My Goals

  • Chewy texture

  • Good oaty flavor

  • Simple method

The guy on the Quaker Oatmeal canister has apparently cornered the market, but do his cookies really deserve all the love?

Why does the man on the Quaker oatmeal package look so smug? Maybe it’s because he’s the cunning perpetrator of a wildly successful cookie con. The evidence is anecdotal but persuasive: When I asked several friends to share their favorite family recipe for oatmeal cookies, many produced (often unbeknownst to them) the recipe from the Quaker Oatmeal website, Quaker’s Best Oatmeal Cookies. The guy on the canister has apparently cornered the market, but do his cookies really deserve all the love?

The recipe goes like this: Use a mixer to cream the butter and sugar and then add an egg and some vanilla. Stir in some flour, leavening, salt (oddly optional in this recipe), spices (a generous amount), and old-fashioned rolled oats, and then spoon the mixture onto baking sheets. As they bake, the cookies fill the house with the heady scents of butter and cinnamon. One bite of a cooled cookie, though, and the problems were apparent: The Quaker standby was crumbly at the edges and dry and cakey in the middle. Plus, the abundant spices overpowered the subtle flavor of the oats. I wanted a cookie with a crispy edge; a dense, chewy middle; and true oaty flavor. I was confident I could attain these goals and, in doing so, topple the oatmeal cookie kingpin. But I wasn’t above using his recipe as a starting point.

Quaker Oatmeal may have cornered the market on oatmeal cookies, but we thought we could do better than this ubiquitous version.

Mixed Up

I planned to make the salt mandatory instead of optional and to tone down the spices, but other than that I saw no reason to change the key ingredients in the Quaker recipe at this point—they each played a role—so I turned my attention to the ingredient proportions. Most of those seemed OK, too. Only one, the 2½ sticks of butter, stood out as scandalously extravagant. The only cookie I know that has such a high proportion of butter to flour is shortbread, and that was definitely not the texture I was after. Instead, I placed a more reasonable 1½ sticks of softened butter in the mixer bowl. The brown sugar, granulated sugar, egg, vanilla, flour, and baking soda amounts all remained the same. But because I wanted just a hint of spice, I cut the cinnamon back to a mere ¼ teaspoon and eliminated the nutmeg altogether.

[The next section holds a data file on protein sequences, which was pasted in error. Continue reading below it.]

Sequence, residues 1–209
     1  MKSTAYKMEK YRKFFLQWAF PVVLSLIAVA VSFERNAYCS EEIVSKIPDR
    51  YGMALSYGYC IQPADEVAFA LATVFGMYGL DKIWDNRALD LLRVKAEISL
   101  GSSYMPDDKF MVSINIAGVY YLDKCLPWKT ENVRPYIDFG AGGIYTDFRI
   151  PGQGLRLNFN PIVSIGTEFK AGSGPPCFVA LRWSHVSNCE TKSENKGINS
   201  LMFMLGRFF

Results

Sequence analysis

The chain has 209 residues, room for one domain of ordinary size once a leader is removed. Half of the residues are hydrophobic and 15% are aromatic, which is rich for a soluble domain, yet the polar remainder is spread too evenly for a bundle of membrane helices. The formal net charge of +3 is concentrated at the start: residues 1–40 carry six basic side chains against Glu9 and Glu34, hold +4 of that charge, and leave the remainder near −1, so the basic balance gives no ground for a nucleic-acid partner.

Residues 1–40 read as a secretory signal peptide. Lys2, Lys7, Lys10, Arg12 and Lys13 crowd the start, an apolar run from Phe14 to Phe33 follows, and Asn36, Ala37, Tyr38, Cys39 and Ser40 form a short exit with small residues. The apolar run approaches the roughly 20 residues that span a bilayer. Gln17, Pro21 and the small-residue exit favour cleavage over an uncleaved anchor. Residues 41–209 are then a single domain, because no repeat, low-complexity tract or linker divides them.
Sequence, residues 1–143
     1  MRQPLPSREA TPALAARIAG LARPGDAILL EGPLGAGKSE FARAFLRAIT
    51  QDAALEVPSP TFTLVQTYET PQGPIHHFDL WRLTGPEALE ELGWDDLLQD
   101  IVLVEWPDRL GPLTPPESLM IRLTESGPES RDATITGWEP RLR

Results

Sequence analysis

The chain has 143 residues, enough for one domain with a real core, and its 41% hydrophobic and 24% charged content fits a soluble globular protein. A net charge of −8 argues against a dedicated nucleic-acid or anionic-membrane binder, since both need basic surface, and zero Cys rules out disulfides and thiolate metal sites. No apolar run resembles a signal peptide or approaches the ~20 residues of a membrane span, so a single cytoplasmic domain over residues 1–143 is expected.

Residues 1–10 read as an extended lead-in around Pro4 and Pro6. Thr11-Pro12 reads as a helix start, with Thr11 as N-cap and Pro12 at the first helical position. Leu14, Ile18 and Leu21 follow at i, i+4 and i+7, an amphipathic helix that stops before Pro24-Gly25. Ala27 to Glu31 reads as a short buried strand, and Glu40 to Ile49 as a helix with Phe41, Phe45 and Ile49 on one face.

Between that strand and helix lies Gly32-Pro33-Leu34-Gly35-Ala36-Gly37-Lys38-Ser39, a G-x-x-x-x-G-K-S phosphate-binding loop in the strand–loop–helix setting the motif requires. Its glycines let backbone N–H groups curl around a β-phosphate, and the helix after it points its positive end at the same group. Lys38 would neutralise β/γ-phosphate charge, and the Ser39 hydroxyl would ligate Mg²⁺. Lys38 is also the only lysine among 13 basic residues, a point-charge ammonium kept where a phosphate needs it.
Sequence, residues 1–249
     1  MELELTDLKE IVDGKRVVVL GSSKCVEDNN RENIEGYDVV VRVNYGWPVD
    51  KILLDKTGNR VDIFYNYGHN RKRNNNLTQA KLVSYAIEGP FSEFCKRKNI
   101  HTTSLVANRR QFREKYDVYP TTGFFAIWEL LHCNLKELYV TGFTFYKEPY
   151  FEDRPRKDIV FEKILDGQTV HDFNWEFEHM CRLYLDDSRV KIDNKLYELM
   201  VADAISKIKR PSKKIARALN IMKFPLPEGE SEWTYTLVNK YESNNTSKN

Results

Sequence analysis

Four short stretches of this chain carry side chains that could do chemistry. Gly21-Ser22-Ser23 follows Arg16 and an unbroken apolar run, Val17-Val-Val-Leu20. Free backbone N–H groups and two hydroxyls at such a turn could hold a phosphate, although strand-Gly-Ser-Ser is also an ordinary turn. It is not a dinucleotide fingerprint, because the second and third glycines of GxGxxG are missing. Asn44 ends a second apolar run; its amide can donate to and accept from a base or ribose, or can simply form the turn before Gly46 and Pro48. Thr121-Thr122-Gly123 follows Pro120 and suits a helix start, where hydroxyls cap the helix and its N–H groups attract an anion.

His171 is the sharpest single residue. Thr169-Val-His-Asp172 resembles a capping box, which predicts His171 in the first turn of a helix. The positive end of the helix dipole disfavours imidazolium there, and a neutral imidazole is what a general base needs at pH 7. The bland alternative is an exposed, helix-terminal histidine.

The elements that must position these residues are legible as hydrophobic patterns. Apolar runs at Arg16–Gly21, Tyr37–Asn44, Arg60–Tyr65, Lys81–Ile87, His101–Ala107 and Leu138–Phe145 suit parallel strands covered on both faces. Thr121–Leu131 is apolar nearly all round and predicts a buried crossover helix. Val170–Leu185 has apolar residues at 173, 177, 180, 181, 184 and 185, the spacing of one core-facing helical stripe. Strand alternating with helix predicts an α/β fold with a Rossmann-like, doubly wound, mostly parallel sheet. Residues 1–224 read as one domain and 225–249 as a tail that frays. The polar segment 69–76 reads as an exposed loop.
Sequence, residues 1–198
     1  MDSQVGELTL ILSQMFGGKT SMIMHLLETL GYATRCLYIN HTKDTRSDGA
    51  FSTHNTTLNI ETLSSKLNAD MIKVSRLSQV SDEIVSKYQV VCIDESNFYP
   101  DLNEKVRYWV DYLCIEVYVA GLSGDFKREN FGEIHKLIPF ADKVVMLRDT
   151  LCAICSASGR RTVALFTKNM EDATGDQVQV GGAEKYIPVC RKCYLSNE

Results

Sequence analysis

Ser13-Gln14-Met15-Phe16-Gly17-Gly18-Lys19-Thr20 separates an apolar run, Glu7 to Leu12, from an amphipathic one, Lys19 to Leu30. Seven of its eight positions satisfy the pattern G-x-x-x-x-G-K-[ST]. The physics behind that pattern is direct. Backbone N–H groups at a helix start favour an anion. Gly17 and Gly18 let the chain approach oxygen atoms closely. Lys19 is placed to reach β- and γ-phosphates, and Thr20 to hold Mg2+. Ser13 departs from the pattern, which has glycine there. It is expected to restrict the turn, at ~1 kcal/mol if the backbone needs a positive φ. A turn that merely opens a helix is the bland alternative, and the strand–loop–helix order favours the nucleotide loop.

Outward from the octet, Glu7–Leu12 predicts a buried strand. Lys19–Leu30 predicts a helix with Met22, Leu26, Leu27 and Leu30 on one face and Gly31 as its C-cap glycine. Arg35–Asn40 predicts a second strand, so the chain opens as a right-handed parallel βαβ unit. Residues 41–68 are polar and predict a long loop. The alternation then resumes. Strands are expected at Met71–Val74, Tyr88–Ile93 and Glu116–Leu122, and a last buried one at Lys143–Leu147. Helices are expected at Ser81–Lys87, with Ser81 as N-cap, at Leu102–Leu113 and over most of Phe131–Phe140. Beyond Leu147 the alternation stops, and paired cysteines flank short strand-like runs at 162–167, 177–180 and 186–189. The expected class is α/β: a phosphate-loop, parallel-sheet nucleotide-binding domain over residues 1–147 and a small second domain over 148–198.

All was going well until it was time to add the oats. The mixture was simply too dry to accommodate all of them; I ended up with something that resembled crumble topping more than it did cookie dough.

How Oats Work In Cookies

Because oats are a starch like flour, you might think they would behave the same way in cookie dough. In some ways, they do. Just as with flour, the more oats in the dough, the thicker the resulting cookie. However, flour limits a cookie’s spread by soaking up moisture. Oats, on the other hand, don’t have time to absorb much free water and instead limit the spread of the dough by acting as physical barriers. In effect, oats behave more like solid mix-ins such as nuts, remaining suspended and discrete in dough rather than being an integral part of it.